First there was news that Northern Rock would be deferring payment of its suboordinated debt coupons. Then then there was a mass-downgrade of the hybrid debt of banks including Lloyds and RBS, from ratings agency Fitch. In short, things are happening in the market — and they haven’t been all that good. Read more
Amid all the accounting-related chicanery currently taking place, the one below, we think, has been flying rather under the radar.
From Asset-Backed Alert: Read more
So much for the revived Rock.
From the bank’s just-released interim results: Read more
What’s this? Northern Rock has fallen below its minimum regulatory requirements?
Northern Rock’s capital base has now reduced to a level below its minimum regulatory capital requirement. Northern Rock proposes to address this situation through a legal and capital restructuring of the Company and HM Treasury’s commitment to provide an adequate level of capital for the Company to meet its regulatory capital requirements, once the proposed restructuring is completed and subject to appropriate State Aid clearance being obtained from the European Commission. Read more
The scenarios contained in the US banking stress tests have been much criticised. Now, the type of capital used in the SCAP is coming under scrutiny.
This from RBC Capital Markets’ Gerard Cassidy: Read more
One part of the stress test seems to be a little problematic, for some. While the results revealed a $185bn shortfall in capital amongst the 19 biggest American banks, the SCAP will only need to replenish them with $75bn. Here are the relevant bits from Thursday’s announcement:
The SCAP focused not only on the amount of capital but also on the composition of capital held by each of the 19 BHCs. That is, SCAP assessed the level of the Tier 1 risk?based capital ratio and the proportion of Tier 1 capital that is common equity. The SCAP’s emphasis on what is termed “Tier 1 Common capital” reflects the fact that common equity is the first element of the capital structure to absorb losses, offering protection to more senior parts of the capital structure and lowering the risk of insolvency. All else equal, more Tier 1 Common capital gives a BHC greater permanent loss absorption capacity and a greater ability to conserve resources under stress by changing the amount and timing of dividends and other distributions. … Read more
“Recession’s end“, Bloomberg commentators included in their headlines on Wednesday night, while others noted that inventory reductions indicate that the economy is nearing a bottom. Green shoots, green shoots, green shoots, blah blah blah.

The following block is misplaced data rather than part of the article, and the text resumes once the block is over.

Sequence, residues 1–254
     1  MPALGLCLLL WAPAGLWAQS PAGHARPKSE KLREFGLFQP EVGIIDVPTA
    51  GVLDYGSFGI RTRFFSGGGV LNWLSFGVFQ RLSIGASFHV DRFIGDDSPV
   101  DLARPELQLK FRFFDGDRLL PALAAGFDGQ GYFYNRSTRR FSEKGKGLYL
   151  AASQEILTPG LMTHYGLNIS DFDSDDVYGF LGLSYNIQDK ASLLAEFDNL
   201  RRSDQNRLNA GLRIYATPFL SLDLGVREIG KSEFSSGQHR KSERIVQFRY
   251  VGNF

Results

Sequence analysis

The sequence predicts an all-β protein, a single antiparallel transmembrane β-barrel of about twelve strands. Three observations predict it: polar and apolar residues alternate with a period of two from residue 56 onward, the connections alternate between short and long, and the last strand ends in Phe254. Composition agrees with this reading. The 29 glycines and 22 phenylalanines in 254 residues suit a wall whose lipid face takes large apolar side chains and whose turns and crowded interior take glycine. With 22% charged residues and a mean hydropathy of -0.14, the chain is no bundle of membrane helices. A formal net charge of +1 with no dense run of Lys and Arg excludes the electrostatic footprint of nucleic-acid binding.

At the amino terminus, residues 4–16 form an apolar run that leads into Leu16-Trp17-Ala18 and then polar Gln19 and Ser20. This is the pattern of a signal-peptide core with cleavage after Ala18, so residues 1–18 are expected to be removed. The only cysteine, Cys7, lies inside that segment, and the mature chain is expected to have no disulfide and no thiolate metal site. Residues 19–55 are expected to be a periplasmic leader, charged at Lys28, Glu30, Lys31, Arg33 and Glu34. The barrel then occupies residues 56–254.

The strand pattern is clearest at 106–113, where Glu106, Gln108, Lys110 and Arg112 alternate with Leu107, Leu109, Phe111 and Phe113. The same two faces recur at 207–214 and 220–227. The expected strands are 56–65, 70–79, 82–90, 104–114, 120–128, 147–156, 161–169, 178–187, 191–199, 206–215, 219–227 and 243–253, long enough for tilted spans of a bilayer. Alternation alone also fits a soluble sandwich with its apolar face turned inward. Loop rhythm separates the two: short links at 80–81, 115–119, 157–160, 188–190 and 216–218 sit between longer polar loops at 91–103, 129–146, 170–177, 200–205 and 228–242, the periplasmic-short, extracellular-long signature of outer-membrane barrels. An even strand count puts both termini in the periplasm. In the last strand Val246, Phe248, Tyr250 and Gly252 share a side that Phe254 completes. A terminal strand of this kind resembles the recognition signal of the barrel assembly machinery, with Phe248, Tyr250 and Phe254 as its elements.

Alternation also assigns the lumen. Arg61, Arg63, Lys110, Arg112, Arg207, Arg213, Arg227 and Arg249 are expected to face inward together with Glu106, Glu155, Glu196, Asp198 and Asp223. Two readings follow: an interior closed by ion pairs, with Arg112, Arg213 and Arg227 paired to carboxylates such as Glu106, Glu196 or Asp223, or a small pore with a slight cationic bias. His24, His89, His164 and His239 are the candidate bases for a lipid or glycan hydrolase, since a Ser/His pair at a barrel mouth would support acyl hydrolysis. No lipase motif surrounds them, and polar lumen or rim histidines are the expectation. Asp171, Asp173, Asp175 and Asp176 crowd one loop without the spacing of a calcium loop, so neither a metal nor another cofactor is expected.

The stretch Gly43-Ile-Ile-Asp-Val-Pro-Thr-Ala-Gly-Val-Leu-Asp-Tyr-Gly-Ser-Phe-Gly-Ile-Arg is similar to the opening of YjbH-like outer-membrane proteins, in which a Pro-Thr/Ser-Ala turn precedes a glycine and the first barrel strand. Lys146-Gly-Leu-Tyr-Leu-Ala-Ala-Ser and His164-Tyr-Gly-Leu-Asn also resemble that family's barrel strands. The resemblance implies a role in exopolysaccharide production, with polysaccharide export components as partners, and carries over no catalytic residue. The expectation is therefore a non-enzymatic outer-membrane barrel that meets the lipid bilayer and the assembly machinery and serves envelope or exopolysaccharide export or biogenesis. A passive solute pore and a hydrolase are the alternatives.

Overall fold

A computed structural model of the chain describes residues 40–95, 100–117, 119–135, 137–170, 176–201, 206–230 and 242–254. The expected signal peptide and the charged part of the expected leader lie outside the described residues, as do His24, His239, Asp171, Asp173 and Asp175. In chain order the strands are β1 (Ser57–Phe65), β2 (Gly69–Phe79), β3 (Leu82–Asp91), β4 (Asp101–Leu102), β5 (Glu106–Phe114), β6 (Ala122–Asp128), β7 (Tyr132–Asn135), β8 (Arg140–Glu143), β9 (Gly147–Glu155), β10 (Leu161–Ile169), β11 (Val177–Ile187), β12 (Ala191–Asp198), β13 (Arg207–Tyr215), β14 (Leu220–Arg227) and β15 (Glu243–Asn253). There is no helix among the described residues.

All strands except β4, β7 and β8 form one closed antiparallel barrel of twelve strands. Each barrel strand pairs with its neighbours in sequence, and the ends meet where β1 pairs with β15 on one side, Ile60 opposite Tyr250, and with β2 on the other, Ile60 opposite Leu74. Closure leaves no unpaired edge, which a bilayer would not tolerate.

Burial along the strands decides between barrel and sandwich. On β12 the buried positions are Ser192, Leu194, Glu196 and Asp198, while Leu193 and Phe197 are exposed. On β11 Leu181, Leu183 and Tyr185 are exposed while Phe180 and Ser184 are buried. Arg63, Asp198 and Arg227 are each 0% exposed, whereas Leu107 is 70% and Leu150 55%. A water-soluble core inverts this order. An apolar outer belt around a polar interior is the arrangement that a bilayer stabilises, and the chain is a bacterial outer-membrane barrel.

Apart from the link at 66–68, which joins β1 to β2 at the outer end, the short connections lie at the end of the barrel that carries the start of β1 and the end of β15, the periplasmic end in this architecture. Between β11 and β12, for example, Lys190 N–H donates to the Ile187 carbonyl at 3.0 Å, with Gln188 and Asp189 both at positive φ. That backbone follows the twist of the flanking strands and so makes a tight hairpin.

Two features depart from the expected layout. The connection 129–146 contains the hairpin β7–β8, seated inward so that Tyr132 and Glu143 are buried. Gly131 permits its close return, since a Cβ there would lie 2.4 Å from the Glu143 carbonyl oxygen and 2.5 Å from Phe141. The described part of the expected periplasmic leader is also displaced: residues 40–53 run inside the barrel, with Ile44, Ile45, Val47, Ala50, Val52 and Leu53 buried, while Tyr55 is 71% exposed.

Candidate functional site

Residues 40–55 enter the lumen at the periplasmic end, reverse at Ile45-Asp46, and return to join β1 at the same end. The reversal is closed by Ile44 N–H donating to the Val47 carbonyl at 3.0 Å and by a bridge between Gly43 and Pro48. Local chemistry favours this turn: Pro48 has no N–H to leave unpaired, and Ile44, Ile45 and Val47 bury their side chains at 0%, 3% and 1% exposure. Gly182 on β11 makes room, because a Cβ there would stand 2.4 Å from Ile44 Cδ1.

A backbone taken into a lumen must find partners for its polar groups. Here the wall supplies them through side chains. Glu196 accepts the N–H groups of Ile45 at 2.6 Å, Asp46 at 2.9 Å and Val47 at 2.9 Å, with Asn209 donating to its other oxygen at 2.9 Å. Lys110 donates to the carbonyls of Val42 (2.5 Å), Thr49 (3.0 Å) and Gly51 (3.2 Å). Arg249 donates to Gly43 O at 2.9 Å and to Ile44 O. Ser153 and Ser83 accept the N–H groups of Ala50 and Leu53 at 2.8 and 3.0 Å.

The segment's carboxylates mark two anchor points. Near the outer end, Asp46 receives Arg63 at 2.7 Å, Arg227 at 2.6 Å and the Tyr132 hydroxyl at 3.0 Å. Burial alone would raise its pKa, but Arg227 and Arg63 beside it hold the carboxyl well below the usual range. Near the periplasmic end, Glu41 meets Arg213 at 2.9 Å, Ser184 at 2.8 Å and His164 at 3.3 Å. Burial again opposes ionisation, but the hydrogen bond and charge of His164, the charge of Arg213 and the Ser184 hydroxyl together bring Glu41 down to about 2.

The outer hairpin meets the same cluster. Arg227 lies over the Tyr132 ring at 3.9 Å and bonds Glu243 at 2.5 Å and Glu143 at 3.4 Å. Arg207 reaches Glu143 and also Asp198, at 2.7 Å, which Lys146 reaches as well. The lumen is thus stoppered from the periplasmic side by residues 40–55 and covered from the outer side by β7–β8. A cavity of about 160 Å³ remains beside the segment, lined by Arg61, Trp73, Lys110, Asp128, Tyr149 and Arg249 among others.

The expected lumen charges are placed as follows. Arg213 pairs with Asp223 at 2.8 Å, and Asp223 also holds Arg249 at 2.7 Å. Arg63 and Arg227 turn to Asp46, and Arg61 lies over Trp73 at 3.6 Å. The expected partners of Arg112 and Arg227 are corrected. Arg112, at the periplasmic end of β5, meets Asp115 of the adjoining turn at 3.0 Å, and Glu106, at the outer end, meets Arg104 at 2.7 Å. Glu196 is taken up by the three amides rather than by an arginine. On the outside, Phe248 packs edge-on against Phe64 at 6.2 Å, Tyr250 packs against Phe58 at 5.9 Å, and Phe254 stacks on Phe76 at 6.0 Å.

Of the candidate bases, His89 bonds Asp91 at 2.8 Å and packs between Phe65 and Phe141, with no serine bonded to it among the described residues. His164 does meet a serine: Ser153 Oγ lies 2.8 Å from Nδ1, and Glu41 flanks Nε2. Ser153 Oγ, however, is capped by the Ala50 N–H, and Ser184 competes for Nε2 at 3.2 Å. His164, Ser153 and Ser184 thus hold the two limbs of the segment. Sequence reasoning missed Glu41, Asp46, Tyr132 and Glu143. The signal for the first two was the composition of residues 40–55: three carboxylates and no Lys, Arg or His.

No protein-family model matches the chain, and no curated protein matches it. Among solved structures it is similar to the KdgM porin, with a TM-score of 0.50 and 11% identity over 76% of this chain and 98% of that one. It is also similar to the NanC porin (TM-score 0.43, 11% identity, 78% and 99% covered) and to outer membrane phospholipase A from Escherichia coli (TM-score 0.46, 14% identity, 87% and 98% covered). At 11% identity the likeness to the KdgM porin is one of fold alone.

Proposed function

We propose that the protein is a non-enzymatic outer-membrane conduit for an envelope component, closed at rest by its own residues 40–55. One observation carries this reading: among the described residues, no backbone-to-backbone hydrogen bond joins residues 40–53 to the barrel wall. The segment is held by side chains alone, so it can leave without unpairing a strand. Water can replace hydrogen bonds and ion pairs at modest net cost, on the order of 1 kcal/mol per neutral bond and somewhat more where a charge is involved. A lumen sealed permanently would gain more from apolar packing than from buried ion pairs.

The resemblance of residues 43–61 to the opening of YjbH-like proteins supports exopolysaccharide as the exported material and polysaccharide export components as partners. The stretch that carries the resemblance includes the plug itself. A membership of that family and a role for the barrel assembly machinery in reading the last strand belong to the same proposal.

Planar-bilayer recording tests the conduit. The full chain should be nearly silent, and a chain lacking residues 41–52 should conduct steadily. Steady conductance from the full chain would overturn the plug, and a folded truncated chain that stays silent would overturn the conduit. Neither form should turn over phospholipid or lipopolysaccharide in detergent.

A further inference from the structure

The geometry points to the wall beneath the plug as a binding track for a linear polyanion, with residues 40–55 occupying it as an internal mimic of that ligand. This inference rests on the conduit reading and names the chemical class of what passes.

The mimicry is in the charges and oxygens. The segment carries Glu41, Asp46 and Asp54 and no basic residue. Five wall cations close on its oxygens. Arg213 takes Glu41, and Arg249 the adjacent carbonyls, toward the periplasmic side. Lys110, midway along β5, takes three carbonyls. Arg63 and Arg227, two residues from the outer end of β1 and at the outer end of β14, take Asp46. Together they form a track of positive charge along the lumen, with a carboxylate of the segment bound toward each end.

UBS’s senior economic adviser George Magnus is here to put an end to all this talk of plants, taking aim via his weed-whacking financial commentary this morning on banks, capital and what’s really needed to fix the financial system. Here are some excerpts: Read more
“In light of continued stress in financial markets” the Fed is delaying new rules that would have further limited the amount of restricted stuff that can be included in banks’ Tier 1 capital ratios. The new date for implementation is March 2011.
CNBC is running an interesting piece of analysis by Michelle Caruso-Cabrera, titled “The Unintended Consequences of Gov’t Intervention”
Here’s the basic premise. Included in the recent American Recovery and Reinvestment Act of 2009 was this line, intended to help banks speed up payback of Tarp funds: Read more
Further to our Tier 1 vs tangible common equity series, we have this from Dash Riprock, the ex-CDO-underwriter and guest-blogger at Option ARMageddon, with perhaps the best name in the credit markets.
Riprock is using the following example to explain how Tier 1 capital — specifically the risk-adjusted side — works. Read more
Brian Hunter, the trader who was blamed for the collapse of $9bn hedge fund Amaranth Advisors two years ago, has taken advantage of last month’s plunge in commodity prices to help propel the year-to-date return at the fund he now advises to 230%. The Peak Ridge Capital Commodities Volatility fund, which Hunter advises, returned 24% in July as commodities prices fell 10% for the month. Several other hedge funds with short positions in commodities also posted stellar returns – among them, Paul Touradji’s Capital Management fund, which investors say gained 6.5% over the month. But Ospraie Management’s $3bn flagship fund fell 13% to bring year-to-date losses to 15%. The outperformance of Hunter and others came as Morningstar said its 1000 Hedge Fund Index was down more than 3% for July, making it the worst month since Jan 2003.
The private equity division of Capital International, one of the world’s largest money managers, is set to announce it has raised a $2.25bn fund to invest in emerging markets. The fund will rank Capital at the top of the size charts for global EM funds closed this year. About 25% of the new fund’s capital is already committed to six investments, Koenraad Foulon, co-founder of Capital International Private Equity Funds (Cipef), told the FT, including $171m into Russian dairy company Unimilk.